MEMBERS OF Transport for the North formally launched their Strategic Transport Plan at the organisation’s inaugural conference in Sheffield on 11 February. The £70 billion investment plan includes proposals for the new Northern Powerhouse Rail line (NPR) which would link the North’s six main cities and Manchester Airport, as well as other significant economic centres, and a Long Term Rail Strategy that calls for investment in lines, stations, services and franchises in order to deliver greater connectivity, capacity and cost-effectiveness.

On behalf of the Government Rail Minister Andrew Jones welcomed the 30-year Strategic Transport Plan, and pointed to schemes already underway such as tram-train, replacement of the Tyne and Wear Metro fleet and partial electrification of the Midland main line as positive steps, although his suggestion that the ‘biggest upgrade of the Midland main line since it was completed in 1870’ would see ‘brand new Intercity Express Trains’ took guests by surprise as there are currently no plans for new trains for the route, let alone a particular product.

Mr Jones reiterated his commitment to HS2 (p93, last month) before adding his support to the NPR project, commenting ‘We should also recognise that HS2 won’t solve everything, it can’t tackle the east-west links that we need so badly. That is why we also need the flagship scheme that is Northern Powerhouse Rail. This is a once in a lifetime opportunity to make a huge leap in unlocking the full potential of the North.’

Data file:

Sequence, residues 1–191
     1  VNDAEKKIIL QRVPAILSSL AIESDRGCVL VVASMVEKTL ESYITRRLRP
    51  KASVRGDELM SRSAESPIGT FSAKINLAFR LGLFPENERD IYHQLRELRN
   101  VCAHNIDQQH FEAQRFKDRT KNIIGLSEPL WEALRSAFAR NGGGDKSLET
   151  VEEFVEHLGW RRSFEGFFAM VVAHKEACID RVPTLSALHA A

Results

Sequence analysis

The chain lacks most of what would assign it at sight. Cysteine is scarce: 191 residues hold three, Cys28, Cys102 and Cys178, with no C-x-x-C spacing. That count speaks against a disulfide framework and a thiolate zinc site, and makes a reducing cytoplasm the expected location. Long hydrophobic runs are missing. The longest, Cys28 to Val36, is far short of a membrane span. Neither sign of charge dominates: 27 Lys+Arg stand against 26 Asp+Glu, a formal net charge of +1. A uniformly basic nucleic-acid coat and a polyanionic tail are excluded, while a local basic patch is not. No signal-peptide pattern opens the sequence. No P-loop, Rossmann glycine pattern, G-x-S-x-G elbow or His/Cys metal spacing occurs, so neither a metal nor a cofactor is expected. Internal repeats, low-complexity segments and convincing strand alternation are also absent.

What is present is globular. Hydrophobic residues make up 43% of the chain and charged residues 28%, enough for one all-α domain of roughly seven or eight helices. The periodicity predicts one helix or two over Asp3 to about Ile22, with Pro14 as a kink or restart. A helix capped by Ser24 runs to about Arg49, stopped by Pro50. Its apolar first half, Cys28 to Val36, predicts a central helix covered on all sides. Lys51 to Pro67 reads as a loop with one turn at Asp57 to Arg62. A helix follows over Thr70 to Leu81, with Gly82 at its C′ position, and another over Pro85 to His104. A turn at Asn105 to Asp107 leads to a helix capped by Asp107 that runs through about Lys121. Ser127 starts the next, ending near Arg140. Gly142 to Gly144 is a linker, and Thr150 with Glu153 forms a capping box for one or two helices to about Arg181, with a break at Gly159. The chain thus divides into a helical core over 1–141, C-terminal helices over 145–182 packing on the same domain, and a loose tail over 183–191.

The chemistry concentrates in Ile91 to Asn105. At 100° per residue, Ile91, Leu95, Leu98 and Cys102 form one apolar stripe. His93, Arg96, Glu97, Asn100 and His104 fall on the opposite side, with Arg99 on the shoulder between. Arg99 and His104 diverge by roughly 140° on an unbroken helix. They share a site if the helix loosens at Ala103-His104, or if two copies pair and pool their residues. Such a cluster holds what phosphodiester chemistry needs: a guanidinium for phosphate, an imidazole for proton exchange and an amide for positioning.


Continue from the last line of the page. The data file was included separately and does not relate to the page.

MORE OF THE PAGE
Cross-party support for TfN’s vision came from Shadow Secretary of State for Transport Andy McDonald, who commented ‘It is imperative that the decade from 2020 is one that sees a transformation in the entire transport system across the north of England and its rail services in particular. We want to see the Northern rail network on an equal footing with the south and Labour will prioritise Northern connectivity in our approach to improvements and enhancements. The ongoing gulf between transport spending in the north and south is scandalous.’ TfN Strategic Rail Director David Hoggarth told the conference that whilst rail in the north currently has a 4% mode share for journeys to work, demand has increased threefold over the last 20 years. He commented ‘The last six months have proved that all the future thinking means nothing if people can’t get to work or on leisure journeys. Last May the system broke big style and the industry lost the trust of the passengers and broke the promise of the timetable.’